I’m pretty sure we have all become numb to the unsolicited bulk email (aka Spam) we receive. Well, I should qualify that. There are a few dumbasses out there that still click links, still think Microsoft is giving away 400 million dollars, or that some Prince in Uzbeki-beki-stan wants to leave their fortune to a stranger in a different country.
For the educated masses, it’s an inconvenience; the price of doing business, or pleasure, on the Internet. One aspect that is not written about as often as the amount sent, or where it is sent from, is the services that are leaking or selling our email addresses to spammers. There are a handful of tech-literate people that take measures to track this. By providing a truly unique email address to each service or web site you sign up to, you can easily determine if the site has lost or shared your information with a third party. If that unique email address receives mail from anyone other than the site you used it on, potential problem.
In some cases, the fine print we all quickly agree to without reading will say the site can share the information with commercial partners. Such mails are infrequent, but usually easy to spot. Over the last few years, I have had an interesting number of sites result in pure Spam. Not partner emails, not ‘legit’ third parties that purchased the email address for unrelated business offers. I’m talking about the usual penis enlargement pills or offers of untold millions from Captain John in Iraq who needs help moving 50 million in gold back to the states.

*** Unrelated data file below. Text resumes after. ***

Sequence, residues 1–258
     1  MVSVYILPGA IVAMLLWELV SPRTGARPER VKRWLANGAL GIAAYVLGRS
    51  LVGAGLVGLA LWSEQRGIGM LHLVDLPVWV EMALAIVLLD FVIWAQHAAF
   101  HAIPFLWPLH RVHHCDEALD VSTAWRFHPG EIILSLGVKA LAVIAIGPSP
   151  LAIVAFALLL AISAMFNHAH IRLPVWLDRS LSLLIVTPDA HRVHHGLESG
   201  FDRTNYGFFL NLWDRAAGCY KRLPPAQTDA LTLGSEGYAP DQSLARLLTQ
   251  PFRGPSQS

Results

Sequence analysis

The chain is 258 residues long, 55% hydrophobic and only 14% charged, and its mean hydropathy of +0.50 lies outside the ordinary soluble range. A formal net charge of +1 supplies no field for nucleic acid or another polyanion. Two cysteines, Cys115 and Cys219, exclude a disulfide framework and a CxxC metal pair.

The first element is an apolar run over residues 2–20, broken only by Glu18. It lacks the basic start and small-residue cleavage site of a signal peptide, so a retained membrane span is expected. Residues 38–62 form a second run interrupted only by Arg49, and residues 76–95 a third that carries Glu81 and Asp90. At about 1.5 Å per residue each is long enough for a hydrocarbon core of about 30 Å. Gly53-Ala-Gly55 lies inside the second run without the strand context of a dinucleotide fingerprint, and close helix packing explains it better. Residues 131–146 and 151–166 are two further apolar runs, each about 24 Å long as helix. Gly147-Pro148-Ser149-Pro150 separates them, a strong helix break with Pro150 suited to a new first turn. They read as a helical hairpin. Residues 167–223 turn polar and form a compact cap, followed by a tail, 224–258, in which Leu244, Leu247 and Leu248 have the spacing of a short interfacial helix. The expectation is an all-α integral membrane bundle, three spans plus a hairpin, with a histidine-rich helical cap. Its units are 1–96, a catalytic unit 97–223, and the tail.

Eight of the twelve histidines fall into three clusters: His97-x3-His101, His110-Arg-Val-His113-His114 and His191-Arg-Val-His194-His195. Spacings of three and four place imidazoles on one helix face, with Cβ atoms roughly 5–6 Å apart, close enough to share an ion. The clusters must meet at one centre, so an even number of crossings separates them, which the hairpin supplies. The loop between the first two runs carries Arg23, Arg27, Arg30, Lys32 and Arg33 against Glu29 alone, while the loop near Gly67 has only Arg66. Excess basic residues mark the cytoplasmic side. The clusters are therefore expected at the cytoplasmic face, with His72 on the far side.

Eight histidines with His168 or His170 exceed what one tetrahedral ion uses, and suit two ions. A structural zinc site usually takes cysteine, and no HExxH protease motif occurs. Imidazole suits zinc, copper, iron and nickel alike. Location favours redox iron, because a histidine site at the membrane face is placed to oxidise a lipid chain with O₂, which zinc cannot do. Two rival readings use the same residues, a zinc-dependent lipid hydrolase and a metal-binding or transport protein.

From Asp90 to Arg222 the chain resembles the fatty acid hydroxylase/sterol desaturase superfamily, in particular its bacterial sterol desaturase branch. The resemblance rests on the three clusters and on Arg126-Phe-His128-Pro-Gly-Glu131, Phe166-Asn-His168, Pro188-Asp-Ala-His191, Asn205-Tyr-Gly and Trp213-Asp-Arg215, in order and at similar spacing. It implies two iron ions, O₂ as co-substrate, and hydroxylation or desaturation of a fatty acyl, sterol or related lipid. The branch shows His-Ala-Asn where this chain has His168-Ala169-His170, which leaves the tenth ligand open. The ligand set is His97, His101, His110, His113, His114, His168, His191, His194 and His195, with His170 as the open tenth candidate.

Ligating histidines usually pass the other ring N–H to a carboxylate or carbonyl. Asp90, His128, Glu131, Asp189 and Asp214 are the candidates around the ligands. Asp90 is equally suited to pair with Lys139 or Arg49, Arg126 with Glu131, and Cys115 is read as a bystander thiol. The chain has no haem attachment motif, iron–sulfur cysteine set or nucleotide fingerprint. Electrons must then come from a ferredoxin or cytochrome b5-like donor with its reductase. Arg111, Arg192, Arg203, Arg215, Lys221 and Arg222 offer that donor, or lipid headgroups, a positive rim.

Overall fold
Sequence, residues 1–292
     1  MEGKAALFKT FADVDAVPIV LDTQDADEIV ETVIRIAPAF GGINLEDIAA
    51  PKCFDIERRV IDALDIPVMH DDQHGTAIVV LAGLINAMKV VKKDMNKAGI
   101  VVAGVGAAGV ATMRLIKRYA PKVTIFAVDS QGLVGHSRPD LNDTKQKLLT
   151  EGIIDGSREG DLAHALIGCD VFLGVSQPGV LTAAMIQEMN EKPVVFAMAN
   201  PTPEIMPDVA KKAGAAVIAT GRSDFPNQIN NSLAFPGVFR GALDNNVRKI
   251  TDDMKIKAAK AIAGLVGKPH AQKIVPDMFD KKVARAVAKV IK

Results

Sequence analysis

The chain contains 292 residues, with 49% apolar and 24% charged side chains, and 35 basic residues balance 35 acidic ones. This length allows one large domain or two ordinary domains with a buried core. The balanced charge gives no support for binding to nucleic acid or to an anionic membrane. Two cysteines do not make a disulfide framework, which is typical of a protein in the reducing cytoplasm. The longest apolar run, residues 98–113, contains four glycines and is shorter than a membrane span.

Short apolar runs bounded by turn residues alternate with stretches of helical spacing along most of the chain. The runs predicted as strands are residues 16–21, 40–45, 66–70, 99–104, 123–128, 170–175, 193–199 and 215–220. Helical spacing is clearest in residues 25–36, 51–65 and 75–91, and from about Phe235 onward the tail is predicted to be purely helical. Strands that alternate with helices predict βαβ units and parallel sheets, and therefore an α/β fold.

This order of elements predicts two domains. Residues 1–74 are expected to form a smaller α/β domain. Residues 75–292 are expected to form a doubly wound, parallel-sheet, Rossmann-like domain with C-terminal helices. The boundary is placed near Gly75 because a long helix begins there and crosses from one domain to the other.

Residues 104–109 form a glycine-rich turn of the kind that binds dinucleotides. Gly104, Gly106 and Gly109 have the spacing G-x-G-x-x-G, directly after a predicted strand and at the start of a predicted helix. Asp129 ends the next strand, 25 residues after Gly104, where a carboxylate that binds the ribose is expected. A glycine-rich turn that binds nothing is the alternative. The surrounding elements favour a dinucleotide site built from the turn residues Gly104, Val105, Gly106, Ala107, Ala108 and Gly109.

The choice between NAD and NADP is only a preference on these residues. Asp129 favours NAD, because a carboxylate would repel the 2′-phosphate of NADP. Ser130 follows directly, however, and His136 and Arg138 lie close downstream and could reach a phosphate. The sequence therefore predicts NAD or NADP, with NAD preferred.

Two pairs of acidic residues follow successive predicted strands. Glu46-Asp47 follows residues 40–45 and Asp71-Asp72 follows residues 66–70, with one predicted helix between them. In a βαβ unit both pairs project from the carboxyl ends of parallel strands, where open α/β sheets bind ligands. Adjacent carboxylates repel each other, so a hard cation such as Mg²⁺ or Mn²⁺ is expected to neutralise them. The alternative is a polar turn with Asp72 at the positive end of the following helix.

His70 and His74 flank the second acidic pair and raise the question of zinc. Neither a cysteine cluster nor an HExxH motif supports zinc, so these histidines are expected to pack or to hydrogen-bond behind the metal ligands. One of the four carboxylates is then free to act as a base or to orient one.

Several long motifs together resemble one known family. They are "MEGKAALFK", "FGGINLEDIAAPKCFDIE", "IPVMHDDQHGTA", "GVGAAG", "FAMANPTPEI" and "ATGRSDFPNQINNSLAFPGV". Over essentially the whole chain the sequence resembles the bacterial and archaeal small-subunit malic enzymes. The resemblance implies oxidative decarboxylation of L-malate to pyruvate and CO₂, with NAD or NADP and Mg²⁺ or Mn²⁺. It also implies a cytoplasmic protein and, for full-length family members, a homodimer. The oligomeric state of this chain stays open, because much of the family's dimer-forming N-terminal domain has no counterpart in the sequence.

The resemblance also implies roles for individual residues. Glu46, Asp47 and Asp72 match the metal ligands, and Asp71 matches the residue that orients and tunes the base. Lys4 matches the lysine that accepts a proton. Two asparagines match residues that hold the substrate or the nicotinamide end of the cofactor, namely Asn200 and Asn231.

When such a leak happens, it typically means the email addresses were harvested (e.g. enumeration vulnerability, remote information disclosure), or a full on compromise (e.g. system hacked, all information taken including the list of addresses). Either way, it isn’t good for the business, and ultimately you either. Keep that in mind when you consider a few of the sites / domains that had a leak.
- order.store.yahoo.net – spam received Jul 9, 2011
- seenon.com – spam received on Feb 8, 2013
- denverlibrary.org (Denver Public Library) – spam received Oct 7 / 8, 2012 and Jan 21, 2013
- Tastes Wine Bar (local business) – spam received to first email address, and again on second address on Jul 3, 2011.
- celebratethemacallan.com / eventbrite.com – spam received Jul 11, 2011 (not sure which leaked)
- investorshub.com – spam received Jan 13, 2013
- ameinfo.com – spam received May 29, 2012
It would be interesting if more people could use unique email addresses to track such breaches.
One response to “Oh the Spam I Receive”
I’ve been a longtime user of site-specific e-mail addresses. It’s fun to troll the spam mailbox to see who’s gotten compromised or sold my address (or both). The two biggies I’ve gotten a fair amount of spam to are United Airlines, and recently (and somewhat disconcertingly), Equifax. Lots of fake credit report spam to the address that i’ve only ever given to Equifax. Not good.